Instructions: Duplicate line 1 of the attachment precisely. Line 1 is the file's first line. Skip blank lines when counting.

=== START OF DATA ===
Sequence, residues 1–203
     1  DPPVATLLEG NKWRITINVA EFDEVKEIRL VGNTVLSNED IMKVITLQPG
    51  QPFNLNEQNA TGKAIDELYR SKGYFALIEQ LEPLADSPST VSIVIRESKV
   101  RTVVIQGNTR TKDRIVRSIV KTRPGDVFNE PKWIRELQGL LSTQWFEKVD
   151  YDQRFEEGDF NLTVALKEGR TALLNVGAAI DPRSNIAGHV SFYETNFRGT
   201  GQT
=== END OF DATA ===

Sequence, residues 1–203